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Advice needed: Permaculture ways to satisfy reforestation grant requirements without using herbicide

 
Christin Winniford
Posts: 5
Location: Inland Northwest, Zone 6
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Hello,
I have an opportunity to help advise a group of people who share a coniferous forest farm which suffered a great loss in tree stock during a windstorm in summer 2014. The forest has already been restocked with conifer seedlings as part of a reforestation grant available through the state. The forest service agent said that in order to fulfill the obligations of the grant, the "weeds" had to be cleared from around the base of each seedling to give it a fighting chance. The agent suggesting applying RoundUp. It became the plan to be implemented this weekend until a minority of the group found out and expressed concerns. Now there is an opportunity to change their minds about how to sustainably manage the establishment of these conifers.

I'm hoping for some permaculture alternatives to present to the group (who are not permies), so that they can make an informed decision (hopefully one that takes the whole ecology of the land into account). The site is several acres (so hand-scalping (aka weeding) has already been eliminated from the options, because they are unwilling/unable to perform the necessary labor).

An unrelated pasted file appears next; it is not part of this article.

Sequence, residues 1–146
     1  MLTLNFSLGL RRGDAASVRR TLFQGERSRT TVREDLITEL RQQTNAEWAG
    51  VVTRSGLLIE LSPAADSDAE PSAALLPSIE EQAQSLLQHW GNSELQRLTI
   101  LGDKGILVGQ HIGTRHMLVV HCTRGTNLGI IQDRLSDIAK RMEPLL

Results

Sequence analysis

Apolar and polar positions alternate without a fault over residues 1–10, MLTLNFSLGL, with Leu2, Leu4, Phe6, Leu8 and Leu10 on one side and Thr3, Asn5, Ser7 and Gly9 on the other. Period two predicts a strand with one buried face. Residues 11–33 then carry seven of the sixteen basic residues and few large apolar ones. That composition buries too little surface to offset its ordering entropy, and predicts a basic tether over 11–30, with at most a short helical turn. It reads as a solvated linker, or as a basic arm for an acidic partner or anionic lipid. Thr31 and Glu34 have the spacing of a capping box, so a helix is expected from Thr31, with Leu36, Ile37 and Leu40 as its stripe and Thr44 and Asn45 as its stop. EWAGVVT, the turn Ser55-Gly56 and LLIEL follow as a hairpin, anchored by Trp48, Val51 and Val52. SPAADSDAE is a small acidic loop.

More about the site and situation:
Temperate Climate: located in North Idaho. USDA 6a.
The land slopes to meet a large lake on one side. Part of the concern with applying RoundUp is its negative effects on aquatic environments, including amphibians who also live terrestrially, and there is a possibility of surface water or herbicide-containing groundwater reaching the lake or the wetland areas near it.
The mature conifers that are left are currently showing signs of heat and drought stress as Idaho has been in a drought since before the windstorm occurred (2014).

One of my thoughts was to plant a guild (lily of the valley, daffodil?) ring of flower bulbs which would suppress competing grasses without interfering with the seedlings' resources, but most of the examples of planting under conifers that I've been able to find are only with existing mature conifers... not companion plantings which help a conifer get established.

Does anyone have experience helping conifers get established without the use of herbicides? What worked well? What didn't? Any ideas are welcome.

Thank you for reading and considering solutions to this challenge.
 
Christin Winniford
Posts: 5
Location: Inland Northwest, Zone 6
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Crisis averted. No herbicide will be sprayed. Huzzah!

I would still love to hear from anyone who has ideas or experience that might be relevant to helping these conifers grow to maturity.
 
Rusty Sydnor
Posts: 1
Location: Ronan, United States
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Christin,

I applaude your efforts to help dissuade these landowners on the use of Roundup. Aside from the contamination concerns, there is growing evidence that the use of Roundup chelates minerals in the soil and negatively affects beneficial soil organisms.